The virtual impactor 21 is an important part of the present invention. Without the impactor, the large concentration of polydisperse aerosol, consisting mostly of unwanted sizes (i.e., <1.0 μm), would flood the aerosol measurement instrument (i.e., spectrometer). The use of a second diluter 19 operated in series with the aerosol spectrometer 20 to reduce the total challenge concentration (e.g., 1000 to 1 dilution ratio) is not a practical solution since such high dilution ratios are very difficult to achieve without biasing the particle counting measurements. The degree of sampling bias would vary significantly with particle size and thus result in highly variable, inaccurate FF results.
The virtual impactor 21 described in
Other aerosol generators, such as the Condensation Monodisperse Aerosol Generator (CMAG, Model 3475, TSI Inc.) or similar high-output monodisperse generators could be used in lieu of the aerosol generation subsystem used in the present invention.
One advantage of the present invention is that the virtual impactor 21 allows for the use of an inexpensive nebulizer, which requires compressed air as a carrier gas, as opposed to more expensive nitrogen used in prior art devices.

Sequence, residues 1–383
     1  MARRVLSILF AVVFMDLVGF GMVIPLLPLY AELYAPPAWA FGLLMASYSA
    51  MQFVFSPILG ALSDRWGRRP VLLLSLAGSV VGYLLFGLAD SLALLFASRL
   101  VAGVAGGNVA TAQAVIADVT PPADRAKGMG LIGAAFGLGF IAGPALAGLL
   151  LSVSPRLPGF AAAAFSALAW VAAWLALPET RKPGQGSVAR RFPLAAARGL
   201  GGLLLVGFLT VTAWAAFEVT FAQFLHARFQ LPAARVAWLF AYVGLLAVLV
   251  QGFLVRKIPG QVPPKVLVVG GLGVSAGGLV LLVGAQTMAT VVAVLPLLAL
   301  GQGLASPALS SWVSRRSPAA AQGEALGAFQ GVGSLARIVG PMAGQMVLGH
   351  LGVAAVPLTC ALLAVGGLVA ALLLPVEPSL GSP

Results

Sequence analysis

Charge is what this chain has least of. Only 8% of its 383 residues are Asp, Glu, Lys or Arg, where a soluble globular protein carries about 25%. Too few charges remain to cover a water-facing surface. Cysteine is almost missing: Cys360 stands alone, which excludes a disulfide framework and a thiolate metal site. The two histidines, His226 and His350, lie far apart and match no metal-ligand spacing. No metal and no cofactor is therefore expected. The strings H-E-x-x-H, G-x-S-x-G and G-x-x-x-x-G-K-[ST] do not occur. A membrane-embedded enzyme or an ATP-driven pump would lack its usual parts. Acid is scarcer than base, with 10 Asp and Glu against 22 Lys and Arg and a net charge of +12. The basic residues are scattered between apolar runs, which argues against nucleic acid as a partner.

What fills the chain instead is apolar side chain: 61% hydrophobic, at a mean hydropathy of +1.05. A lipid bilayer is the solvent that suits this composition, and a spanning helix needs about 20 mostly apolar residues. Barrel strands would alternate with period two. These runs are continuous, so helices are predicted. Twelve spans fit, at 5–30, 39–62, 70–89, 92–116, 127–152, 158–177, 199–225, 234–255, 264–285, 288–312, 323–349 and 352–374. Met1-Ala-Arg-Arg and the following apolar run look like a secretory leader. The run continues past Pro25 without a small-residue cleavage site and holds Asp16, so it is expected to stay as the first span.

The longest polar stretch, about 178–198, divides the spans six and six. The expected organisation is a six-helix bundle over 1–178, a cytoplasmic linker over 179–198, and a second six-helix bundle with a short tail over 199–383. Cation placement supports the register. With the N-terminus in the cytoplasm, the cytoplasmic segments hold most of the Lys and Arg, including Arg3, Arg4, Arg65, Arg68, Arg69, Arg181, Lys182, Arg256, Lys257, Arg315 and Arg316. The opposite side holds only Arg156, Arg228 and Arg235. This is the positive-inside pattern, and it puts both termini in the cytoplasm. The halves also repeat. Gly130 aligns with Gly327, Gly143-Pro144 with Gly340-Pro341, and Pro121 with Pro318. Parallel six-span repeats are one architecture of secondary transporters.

Another advantage of the present invention is that by using a simple nebulizer 12 along with the APS spectrometer 20, several size-specific FF values can be determined from a single fit test, since the polydisperse challenge allows for multiple size-specific particle count measurements to be taken simultaneously.
Prototype Bio-QNFT System Test Results
A test designed to determine the effect of background particles within the respirator on the measurement of biological FF values was performed on six human subject volunteers. One trial was conducted per test subject. The test consisted of eight representative QNFT exercises; normal breathing (NB), deep breathing (DB), turning head side to side (Head S2S), moving head up and down (Head U&D), bending over (Bend), rotating jaw (Jaw R), speaking (Speak), and mimicking speech (Mimic). A powered air-purifying respirator (PAPR) hood was worn over a negative-pressure, full-facepiece respirator to provide a particle-free atmosphere while the subjects performed the exercises. Since the challenge atmosphere was void of particulates, the background measurements only consisted of particles originating from within the respirator facepiece.
The in-mask background concentration for each exercise is displayed in
Ideally, no background particles would be generated inside the respirator, and the in-mask concentration would only consist of challenge particles. As evidenced in